Or consider taking sex off the table altogether. "There are so many nerve endings in the lips that are connected to the limbic system and can help create the perfect foreplay for future intimacy encounters," sexual health counselor Aleece Fosnight said. "A good makeout session that only leads to kissing can leave partners wanting more, creating more intensity for future intimate activities."

Love yourself

If you're single, Valentine's Day can seem like a holiday for everyone else. But you don't have to feel left out if you're not in a romantic relationship. Instead, take the opportunity to practice a little self-love.

That could mean indulging in a massage or a new sex toy, dining out with friends or even seeking out companionship. "If you're single and wouldn't mind meeting someone but setting up a date on Valentine's Day feels too staged, Meetup is a fantastic option," sex therapist Holly Richmond said. "Hundreds of Meetup groups plan special events and activities for Valentine's Day, but they aren't necessity geared toward singles coming together to meet other singles."

Whether you choose to celebrate Valentine's Day or ignore it, remember that expressing love and affection for your partner shouldn't be limited to one special day. Take the pressure off the holiday by celebrating your relationship every day.

Mississippi Coronavirus Cases

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Reported Deaths: 7371
CountyCasesDeaths
DeSoto22285267
Hinds20719421
Harrison18431317
Rankin13901282
Jackson13718248
Madison10263224
Lee10059176
Jones8467167
Forrest7832153
Lauderdale7261242
Lowndes6517150
Lamar635188
Lafayette6313121
Washington5425137
Bolivar4841133
Panola4670110
Oktibbeha466198
Pearl River4605147
Marshall4574105
Warren4440121
Pontotoc425873
Monroe4157135
Union415777
Neshoba4063179
Lincoln4008112
Hancock386987
Leflore3515125
Tate342486
Sunflower339491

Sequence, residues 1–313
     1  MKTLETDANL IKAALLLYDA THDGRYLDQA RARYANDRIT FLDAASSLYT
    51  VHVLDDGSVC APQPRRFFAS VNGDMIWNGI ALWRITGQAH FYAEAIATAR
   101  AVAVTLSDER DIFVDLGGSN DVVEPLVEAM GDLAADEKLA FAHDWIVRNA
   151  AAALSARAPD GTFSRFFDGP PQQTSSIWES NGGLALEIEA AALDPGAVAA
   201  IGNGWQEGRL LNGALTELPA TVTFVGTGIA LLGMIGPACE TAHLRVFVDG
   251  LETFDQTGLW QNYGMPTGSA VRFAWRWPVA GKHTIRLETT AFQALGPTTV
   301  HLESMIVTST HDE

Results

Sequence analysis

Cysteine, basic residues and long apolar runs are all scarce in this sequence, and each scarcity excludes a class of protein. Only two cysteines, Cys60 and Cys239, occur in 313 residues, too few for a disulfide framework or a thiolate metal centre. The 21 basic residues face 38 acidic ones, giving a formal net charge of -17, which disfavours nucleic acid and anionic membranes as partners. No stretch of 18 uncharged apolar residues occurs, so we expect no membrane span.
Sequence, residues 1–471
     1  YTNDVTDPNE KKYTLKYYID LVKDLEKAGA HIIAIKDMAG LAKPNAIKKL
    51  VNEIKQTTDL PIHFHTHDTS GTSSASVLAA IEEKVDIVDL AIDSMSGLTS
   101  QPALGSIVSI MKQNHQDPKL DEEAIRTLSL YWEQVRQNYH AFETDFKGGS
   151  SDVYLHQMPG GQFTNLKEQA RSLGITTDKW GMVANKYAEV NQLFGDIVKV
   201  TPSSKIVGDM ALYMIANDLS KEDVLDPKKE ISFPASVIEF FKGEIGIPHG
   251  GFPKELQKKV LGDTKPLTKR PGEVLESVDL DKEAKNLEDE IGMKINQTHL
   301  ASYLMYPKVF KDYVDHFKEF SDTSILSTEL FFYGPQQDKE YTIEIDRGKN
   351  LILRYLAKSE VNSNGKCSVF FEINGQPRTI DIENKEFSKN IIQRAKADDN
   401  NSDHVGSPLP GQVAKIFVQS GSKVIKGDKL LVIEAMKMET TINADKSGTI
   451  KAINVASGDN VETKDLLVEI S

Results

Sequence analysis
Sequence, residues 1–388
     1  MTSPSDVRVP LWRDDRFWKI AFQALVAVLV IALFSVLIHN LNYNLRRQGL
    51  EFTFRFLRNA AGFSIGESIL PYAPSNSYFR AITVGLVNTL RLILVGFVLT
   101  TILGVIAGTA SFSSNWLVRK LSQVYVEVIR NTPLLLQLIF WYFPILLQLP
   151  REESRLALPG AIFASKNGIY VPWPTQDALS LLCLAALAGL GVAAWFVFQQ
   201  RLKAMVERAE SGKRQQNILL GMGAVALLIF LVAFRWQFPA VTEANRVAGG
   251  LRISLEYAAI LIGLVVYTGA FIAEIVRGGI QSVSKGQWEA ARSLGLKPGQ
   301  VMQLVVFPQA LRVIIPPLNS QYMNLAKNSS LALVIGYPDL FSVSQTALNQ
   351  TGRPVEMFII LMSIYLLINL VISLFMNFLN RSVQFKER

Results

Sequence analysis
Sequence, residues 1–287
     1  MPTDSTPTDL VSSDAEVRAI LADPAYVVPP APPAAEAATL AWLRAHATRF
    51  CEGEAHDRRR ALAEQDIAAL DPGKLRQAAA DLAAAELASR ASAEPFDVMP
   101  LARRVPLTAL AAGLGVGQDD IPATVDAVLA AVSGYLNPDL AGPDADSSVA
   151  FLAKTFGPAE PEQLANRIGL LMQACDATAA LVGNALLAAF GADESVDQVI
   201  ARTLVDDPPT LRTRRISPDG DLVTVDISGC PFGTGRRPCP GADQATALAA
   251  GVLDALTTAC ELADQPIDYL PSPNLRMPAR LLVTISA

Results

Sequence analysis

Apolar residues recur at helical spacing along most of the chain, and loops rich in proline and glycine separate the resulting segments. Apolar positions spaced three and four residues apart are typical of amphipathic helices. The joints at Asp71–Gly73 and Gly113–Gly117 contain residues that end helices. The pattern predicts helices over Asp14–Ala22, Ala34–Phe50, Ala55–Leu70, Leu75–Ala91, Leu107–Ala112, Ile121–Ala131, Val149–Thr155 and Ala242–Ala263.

Pike3371111
Alcorn327272
Scott320374
Yazoo314171
Adams308086
Itawamba305178
Copiah299966
Coahoma298784
Simpson298589
Tippah291968
Prentiss284161
Leake272074
Marion271280
Covington267283
Wayne264642
Grenada264087
George252251
Newton248663
Tishomingo231868
Winston230181
Jasper222148
Attala215073
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Holmes190474
Stone188433
Clay187954
Tallahatchie180041
Clarke178980
Calhoun174132
Yalobusha167840
Smith164134
Walthall135347
Greene131834
Lawrence131124
Montgomery128643
Noxubee128034
Perry127238
Amite126242
Carroll122330
Webster115032
Jefferson Davis108234
Tunica108127
Claiborne103130
Benton102325
Humphreys97533
Kemper96629
Franklin85023
Quitman82216
Choctaw79118
Wilkinson69632
Jefferson66228
Sharkey50917
Issaquena1696
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Alabama Coronavirus Cases

Cases: 548657

Reported Deaths: 11306
CountyCasesDeaths
Jefferson810031566
Mobile42105831
Madison35690525
Tuscaloosa26173458
Shelby25607254
Montgomery25081614
Baldwin21868314
Lee16278176
Calhoun14719327
Morgan14629285
Etowah14175364
Marshall12453230
Houston10781287
Elmore10293214
Limestone10179157
St. Clair10162251
Cullman9952201
Lauderdale9603250
DeKalb8972190
Talladega8460184
Walker7338280
Autauga7241113
Blount6945139
Jackson6932113
Colbert6413140
Coffee5635127
Dale4928116
Russell454841
Chilton4476116
Franklin431382
Covington4275122
Tallapoosa4138155
Escambia401680
Chambers3728124
Dallas3607158
Clarke353061
Marion3240107
Pike314378
Lawrence3133100
Winston283472
Bibb268564
Geneva257981
Marengo250565
Pickens236962
Barbour234559
Hale227278
Butler224271
Fayette218862
Henry194543
Randolph187544
Cherokee187345
Monroe180041
Washington170539
Macon163051
Clay160059
Crenshaw155957
Cleburne153444
Lamar146837
Lowndes142254
Wilcox126930
Bullock124342
Conecuh113630
Coosa111729
Perry108626
Sumter105732
Greene93634
Choctaw62125
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Tropical Depression Claudette has now moved into Alabama and Georgia, leaving with some cloud cover but dry conditions. Most of us will stay dry through this Father's Day but some spotty showers will likely through the late afternoon.